The lifeblood of the city
Lansing To get an idea of the importance of Kansas Highway 7 to Lansing, go no farther than the council chambers at City Hall.
There, on the back wall, are panels of oversized aerial photographs of the north-south highway that bisects the city. The photos show the Kansas Department of Transportation's plans for reconfiguring K-7 as part of the $11.5 million Main Street System Enhancement project.
It's a not-so-subtle reminder that the stretch of road known by such names as "K-7," "7-73" or "Main Street" is a key element in the future of Lansing.
"Call it whatever you like, people will know what you're talking about," Mayor Kenneth Bernard said of the road.
Roads and highways are often referred to as "major arteries" and "lifebloods" of communities. In Lansing, it's not an exaggeration.
"That's the busiest north-south highway in Kansas," Bernard noted. "On average, there's between 20,000 and 30,000 cars a day going through town on that road."
Many of those cars stop in Lansing, perhaps so their drivers can fill up the tank with gasoline, grab a sandwich or drink, or shop at one of the many stores along the strip. And when they do stop and spend, it's more money in the pocket of business owners and the city treasury.
Of the 127 businesses the city lists in its business directory, 46 have addresses on Main Street - including most of the biggest tax revenue producers for the city: car lots, grocery stores, restaurants and the like.
Mike Smith, Lansing's city administrator, said business development on Main Street would only grow in the years to come.
Already the city has planned for the Towne Center development on Main Street between West Mary Street and 4-H Road. The City Council sees Towne Center as becoming Lansing's central business district.
Up the road about a mile, Danny Asher is planning a project that will bring new retail and office development to Main Street.
"I think you'll continue to see more," Smith said.
The city administrator since 2000 and the Lansing police chief before then, Smith has sat in on his share of meetings that involved people with ideas about building their business on Main Street in Lansing.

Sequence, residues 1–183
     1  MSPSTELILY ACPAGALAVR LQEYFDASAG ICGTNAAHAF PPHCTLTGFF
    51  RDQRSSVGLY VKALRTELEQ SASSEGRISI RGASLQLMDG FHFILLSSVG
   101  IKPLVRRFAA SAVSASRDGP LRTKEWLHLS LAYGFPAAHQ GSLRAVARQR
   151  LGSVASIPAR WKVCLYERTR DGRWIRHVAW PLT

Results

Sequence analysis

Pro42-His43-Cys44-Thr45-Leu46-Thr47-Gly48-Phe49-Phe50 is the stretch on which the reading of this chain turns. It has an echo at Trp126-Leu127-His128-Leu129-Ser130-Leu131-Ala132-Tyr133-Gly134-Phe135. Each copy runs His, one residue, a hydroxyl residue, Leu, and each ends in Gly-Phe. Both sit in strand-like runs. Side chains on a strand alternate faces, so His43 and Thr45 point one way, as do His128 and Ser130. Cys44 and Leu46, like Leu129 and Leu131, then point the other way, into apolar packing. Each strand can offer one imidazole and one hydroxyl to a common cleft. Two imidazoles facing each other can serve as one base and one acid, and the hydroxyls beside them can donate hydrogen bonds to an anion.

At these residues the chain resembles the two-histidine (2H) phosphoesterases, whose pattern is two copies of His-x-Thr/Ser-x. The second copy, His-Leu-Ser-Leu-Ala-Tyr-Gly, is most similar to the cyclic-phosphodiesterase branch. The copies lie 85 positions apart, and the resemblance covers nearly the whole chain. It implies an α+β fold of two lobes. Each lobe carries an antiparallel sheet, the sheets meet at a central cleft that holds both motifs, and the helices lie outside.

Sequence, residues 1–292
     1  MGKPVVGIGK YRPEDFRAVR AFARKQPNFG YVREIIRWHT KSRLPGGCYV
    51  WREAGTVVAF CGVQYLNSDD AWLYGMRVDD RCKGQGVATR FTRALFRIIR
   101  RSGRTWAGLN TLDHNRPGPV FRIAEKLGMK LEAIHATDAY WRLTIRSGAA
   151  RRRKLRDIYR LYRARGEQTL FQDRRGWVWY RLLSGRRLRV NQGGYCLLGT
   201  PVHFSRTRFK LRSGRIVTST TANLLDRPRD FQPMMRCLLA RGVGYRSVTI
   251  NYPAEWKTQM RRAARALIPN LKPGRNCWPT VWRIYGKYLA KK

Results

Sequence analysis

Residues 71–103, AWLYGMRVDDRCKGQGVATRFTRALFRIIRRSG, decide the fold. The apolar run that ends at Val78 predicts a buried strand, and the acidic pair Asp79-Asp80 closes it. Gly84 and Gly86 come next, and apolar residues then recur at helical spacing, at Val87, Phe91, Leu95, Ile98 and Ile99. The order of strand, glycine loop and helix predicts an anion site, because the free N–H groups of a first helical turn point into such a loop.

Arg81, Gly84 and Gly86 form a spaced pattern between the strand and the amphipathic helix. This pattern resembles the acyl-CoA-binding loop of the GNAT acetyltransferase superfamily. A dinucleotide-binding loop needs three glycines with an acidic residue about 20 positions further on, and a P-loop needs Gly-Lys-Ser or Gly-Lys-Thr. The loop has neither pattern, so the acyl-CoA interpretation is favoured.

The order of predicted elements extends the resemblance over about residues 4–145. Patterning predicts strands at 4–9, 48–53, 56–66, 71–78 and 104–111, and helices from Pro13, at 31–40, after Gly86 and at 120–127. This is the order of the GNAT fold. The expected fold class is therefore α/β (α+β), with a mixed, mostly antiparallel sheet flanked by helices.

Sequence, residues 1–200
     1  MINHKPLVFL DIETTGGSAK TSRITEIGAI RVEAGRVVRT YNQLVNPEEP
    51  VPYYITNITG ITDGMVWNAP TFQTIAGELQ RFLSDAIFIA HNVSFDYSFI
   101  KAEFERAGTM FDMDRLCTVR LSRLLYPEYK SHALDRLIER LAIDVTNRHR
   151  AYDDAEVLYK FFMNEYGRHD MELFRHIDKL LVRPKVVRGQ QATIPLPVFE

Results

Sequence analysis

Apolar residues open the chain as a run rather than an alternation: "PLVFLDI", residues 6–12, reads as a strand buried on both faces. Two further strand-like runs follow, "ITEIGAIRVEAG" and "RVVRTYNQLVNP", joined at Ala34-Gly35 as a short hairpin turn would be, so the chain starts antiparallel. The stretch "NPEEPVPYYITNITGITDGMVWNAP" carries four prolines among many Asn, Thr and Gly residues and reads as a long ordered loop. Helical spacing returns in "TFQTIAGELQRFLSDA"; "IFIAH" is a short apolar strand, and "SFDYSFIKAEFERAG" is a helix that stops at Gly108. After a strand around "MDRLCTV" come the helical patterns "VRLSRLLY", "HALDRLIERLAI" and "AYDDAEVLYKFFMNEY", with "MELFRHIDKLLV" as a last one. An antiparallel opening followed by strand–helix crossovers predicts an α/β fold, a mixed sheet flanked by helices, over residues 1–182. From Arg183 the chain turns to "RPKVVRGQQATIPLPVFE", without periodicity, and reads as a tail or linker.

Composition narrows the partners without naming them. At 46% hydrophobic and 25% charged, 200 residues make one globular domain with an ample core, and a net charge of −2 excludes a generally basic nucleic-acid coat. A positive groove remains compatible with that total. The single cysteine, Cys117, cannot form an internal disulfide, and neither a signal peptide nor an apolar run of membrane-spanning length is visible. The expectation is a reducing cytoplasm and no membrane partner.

"But the last two years, I've been in on more meetings on commercial (development) than I ever have before."
The city has taken steps to insure the development will be quality. Two years ago, the council approved what's known as the Main Street Overlay District. In essence, any new building that goes up on Main Street will have to adhere to strict requirements regarding building materials, signage and landscaping. The same goes for any existing Main Street businesses that plan major renovations on site.
"It's to make sure we're in charge of the kind of structures that go in on Main Street," Smith notes.
He said new businesses wanted the regulations because they wanted to know that their neighbor was going to be held to the same quality standards.
Controlling the quality of growth on K-7 was one of the reasons the city sought to annex about 1,200 acres south of the city to the Leavenworth-Wyandotte County line, Smith said.
The city, he said, would like for that area of K-7 be lined with businesses served by frontage roads that afford minimal access points so that traffic flows smoothly along K-7.
New businesses aren't all that's expected along K-7 through Lansing.
The Transportation Department estimates traffic on K-7 through the city will rise to as many as 44,000 vehicles a day within 20 years. Such projections helped land Main Street on the to-do list when KDOT announced its selections for the highly competitive "System Enhancments" projects statewide.